So as we remember the fallen this year why not raise a glass of Port and lemon to their memory – we think you’ll enjoy it.
To mark the Negociants UK winemakers tour, where winemakers from Australia and New Zealand come to the UK to share their passion for wine and perhaps divulge a few of their trade secrets, we’ve been thinking about how place defines the wine that it creates.
The wine trade is truly global and in Secrets of wine, Giles Kime highlights the sheer diversity of winemaking and the variety of different regions where it is produced. Could you tell the origin of your glass from just a sip? Here’s what Giles has to say:
Wine falls into two categories: the stuff that reflects the winemaking tradition of the region where it was produced and the sort that tastes as though it could have been made anywhere in the world where the sun shines enough to ripen grapes. There’s not much wrong with the latter; the huge advances in winemaking technology in the last decade have made it possible to produce good-value wines virtually anywhere. What sets these two kinds of wine apart is something that wine buffs call ‘typicity’ – meaning that they conform to a certain style that is typical of the wine’s birthplace. How important is this quality? If wine is enjoyable to drink, surely to worry about typicity is nothing more than splitting hairs? Possibly. But a world without wines that reflect their origins would be very boring. Which would you rather do? Drive hundreds of miles through the unchanging landscape of the American plains or wind your way through the ever-changing scenery of France, Italy or Spain?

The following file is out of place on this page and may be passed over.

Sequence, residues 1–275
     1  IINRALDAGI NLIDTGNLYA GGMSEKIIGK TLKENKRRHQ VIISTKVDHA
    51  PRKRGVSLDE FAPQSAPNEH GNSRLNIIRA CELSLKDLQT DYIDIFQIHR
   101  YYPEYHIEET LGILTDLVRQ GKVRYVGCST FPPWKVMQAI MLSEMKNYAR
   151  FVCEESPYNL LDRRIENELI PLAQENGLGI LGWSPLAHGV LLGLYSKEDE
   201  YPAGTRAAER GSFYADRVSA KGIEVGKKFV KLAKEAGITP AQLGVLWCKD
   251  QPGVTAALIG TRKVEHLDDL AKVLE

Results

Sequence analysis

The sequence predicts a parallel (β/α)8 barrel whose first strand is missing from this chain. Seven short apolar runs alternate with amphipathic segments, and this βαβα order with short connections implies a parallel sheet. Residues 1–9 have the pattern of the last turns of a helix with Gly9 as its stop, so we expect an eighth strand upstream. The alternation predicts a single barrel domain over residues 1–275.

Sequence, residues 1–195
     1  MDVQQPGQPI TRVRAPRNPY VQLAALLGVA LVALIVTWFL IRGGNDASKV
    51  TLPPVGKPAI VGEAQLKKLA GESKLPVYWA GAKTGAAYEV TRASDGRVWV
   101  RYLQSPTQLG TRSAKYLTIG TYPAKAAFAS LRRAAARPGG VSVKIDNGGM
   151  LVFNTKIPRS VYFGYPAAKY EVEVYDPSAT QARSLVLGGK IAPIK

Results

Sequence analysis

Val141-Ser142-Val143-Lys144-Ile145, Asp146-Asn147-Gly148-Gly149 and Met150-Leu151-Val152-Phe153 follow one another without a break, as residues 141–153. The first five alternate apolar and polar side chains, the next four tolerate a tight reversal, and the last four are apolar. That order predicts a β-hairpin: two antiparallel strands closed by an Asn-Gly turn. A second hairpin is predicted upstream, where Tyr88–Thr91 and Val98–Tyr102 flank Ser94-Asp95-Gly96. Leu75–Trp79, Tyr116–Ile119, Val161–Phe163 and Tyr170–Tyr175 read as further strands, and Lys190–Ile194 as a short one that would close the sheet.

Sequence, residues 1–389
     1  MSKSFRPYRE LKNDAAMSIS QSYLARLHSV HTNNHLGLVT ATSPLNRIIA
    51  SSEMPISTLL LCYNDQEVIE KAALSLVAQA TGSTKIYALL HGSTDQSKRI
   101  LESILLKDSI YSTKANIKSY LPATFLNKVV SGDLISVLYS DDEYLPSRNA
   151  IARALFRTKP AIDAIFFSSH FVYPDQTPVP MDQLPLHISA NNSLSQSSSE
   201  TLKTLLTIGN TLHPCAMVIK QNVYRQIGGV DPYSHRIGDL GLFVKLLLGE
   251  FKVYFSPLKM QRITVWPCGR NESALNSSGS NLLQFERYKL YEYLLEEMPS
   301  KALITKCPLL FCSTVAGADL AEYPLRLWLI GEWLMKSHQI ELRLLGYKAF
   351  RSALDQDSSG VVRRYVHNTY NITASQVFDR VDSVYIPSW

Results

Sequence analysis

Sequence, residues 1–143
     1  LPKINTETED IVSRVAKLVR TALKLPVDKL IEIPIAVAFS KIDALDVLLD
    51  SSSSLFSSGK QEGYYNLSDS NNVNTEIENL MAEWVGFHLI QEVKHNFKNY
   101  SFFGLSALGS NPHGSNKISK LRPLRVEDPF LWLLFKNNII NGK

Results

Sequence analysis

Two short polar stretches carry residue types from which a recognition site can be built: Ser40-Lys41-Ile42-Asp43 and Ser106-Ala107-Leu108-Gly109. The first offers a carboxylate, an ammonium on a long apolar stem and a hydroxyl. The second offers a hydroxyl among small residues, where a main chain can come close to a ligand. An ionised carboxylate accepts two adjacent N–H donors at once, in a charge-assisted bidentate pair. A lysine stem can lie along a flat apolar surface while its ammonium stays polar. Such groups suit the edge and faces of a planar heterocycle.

When it comes to wine, variety is undoubtedly the spice of life. While the consistency of ‘global’ wines might offer a convenient option for everyday drinking, the highs and lows are provided by wines that taste of the place they come from. There are parallels between winemaking and cookery. The people of every region of the world have their own tastes in food that are influenced by the available ingredients, the climate and the gastronomic tradition that has evolved over the years. Precisely the same is true of wine.
A sense of place versus a suggestion of terroir
Describing a wine as having a ‘sense of place’ could easily be confused with suggesting that it expresses terroir. Though terroir does contribute to the sense of place, the typicity of a wine has more to do with winemaking tradition – the style of wine created by techniques such as oak ageing and blending. The grim reapers of the wine world might make gloomy predictions that typical wines are being replaced with ones that have no regional characteristics, but the fact is that these two kinds of wine can coexist happily side by side.
Where to find typical wines
Although it is easy to see typicity as a quality that is peculiar to European wine
regions such as France, Italy and Spain, some New World areas are developing their own styles and winemaking traditions. For instance Sauvignon Blanc from Marlborough in New Zealand tastes very different from Sauvignon from Western Australia, and Barossa Shiraz has a style different from Shiraz made in South Africa. Here are areas where you are likely to find more typical wines that are true to local tradition than homogenous ‘global wine’.
|Old World||The New World|
The Mosel Valley
The South of France
|The Barossa Valley
The Clare Valley
The Hunter Valley
The Margaret River
The Napa Valley
If this has got you in the mood to find out more about wine, you might be interested to know that Infinite Ideas soon to publish a new addition to the classic wine library, the sixth edition of Sherry by Julian Jeffs. It’s available to preorder now.